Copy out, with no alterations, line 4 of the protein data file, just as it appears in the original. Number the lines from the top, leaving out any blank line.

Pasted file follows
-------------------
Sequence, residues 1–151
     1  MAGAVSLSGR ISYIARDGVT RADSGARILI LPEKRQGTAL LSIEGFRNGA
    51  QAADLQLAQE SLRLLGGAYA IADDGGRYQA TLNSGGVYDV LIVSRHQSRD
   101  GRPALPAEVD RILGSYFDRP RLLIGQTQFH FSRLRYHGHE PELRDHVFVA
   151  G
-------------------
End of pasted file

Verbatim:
   101  GRPALPAEVD RILGSYFDRP RLLIGQTQFH FSRLRYHGHE PELRDHVFVA